The Difficulty of Learning Long-Term Dependencies with Gradient Flow in Recurrent Nets

Engineering International

View Publication Info
Field Value
Title The Difficulty of Learning Long-Term Dependencies with Gradient Flow in Recurrent Nets
Creator Bynagari , Naresh Babu
Subject Recurrent Networks
Back-Propagation through Time
Learning Long-Term Dependencies
Gradient Flow
Description In theory, recurrent networks (RN) can leverage their feedback connections to store activations as representations of recent input events. The most extensively used methods for learning what to put in short-term memory, on the other hand, take far too long to be practicable or do not work at all, especially when the time lags between inputs and instructor signals are long. They do not provide significant practical advantages over, the backdrop in feedforward networks with limited time windows, despite being theoretically fascinating. The goal of this article is to have a succinct overview of this rapidly evolving topic, with a focus on recent advancements. Also, we examine the asymptotic behavior of error gradients as a function of time lags to provide a hypothetical treatment of this topic. The methodology adopted in the study was to review some scholarly research papers on the subject matter to address the difficulty of learning long-term dependencies with gradient flow in recurrent nets. RNNs are the most general and powerful sequence learning algorithm currently available. Unlike Hidden Markov Models (HMMs), which have proven to be the most successful technique in a variety of sequence processing applications, they are not limited to discrete internal states and can represent continuous, dispersed sequences. As a result, they can address problems that no other method can.    Conventional RNNs, on the other hand, are difficult to train due to the problem of vanishing gradients.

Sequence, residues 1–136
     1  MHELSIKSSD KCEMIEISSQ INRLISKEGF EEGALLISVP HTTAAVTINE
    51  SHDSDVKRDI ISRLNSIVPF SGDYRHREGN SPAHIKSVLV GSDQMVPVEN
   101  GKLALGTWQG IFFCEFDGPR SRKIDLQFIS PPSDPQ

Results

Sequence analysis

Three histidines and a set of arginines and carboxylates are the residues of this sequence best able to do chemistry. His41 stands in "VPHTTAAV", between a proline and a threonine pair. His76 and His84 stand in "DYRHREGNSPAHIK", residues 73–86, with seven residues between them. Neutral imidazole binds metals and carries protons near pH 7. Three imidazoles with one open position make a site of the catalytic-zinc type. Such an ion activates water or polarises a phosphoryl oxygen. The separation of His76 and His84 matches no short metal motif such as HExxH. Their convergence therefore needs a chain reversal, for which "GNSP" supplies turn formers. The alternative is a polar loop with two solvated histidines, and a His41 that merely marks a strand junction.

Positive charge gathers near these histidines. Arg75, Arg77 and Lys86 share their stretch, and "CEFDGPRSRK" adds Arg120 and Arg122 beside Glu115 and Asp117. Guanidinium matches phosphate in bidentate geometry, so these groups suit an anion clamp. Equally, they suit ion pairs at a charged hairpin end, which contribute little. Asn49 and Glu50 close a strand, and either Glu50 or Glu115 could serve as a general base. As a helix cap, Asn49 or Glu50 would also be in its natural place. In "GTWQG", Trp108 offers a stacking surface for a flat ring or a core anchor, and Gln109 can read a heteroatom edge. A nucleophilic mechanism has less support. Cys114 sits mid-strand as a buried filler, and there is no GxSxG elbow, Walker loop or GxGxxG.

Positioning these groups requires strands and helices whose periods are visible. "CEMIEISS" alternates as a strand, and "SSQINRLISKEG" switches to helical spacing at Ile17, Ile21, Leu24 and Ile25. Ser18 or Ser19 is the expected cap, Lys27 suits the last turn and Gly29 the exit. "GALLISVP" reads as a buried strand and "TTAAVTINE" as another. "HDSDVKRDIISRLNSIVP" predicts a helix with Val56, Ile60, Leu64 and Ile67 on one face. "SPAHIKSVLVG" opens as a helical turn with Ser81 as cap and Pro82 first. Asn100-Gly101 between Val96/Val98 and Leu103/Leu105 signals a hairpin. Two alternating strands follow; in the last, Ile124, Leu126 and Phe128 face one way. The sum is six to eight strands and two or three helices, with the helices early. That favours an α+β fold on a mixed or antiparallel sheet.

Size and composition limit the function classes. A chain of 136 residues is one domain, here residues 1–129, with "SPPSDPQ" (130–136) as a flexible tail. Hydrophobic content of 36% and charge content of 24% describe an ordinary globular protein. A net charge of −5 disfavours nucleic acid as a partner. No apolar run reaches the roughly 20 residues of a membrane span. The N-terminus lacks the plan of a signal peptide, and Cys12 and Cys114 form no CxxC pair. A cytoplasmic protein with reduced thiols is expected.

Publisher Asian Business Consortium
Date 2020-12-22
Type info:eu-repo/semantics/article
Format application/pdf
Source Engineering International; Vol. 8 No. 2 (2020): July - December Issue; 127-138
Language eng
Rights Copyright (c) 2020 Naresh Babu Bynagari

Contact Us

The PKP Index is an initiative of the Public Knowledge Project.

For PKP Publishing Services please use the PKP|PS contact form.

For support with PKP software we encourage users to consult our wiki for documentation and search our support forums.

For any other correspondence feel free to contact us using the PKP contact form.

Find Us


Copyright © 2015-2018 Simon Fraser University Library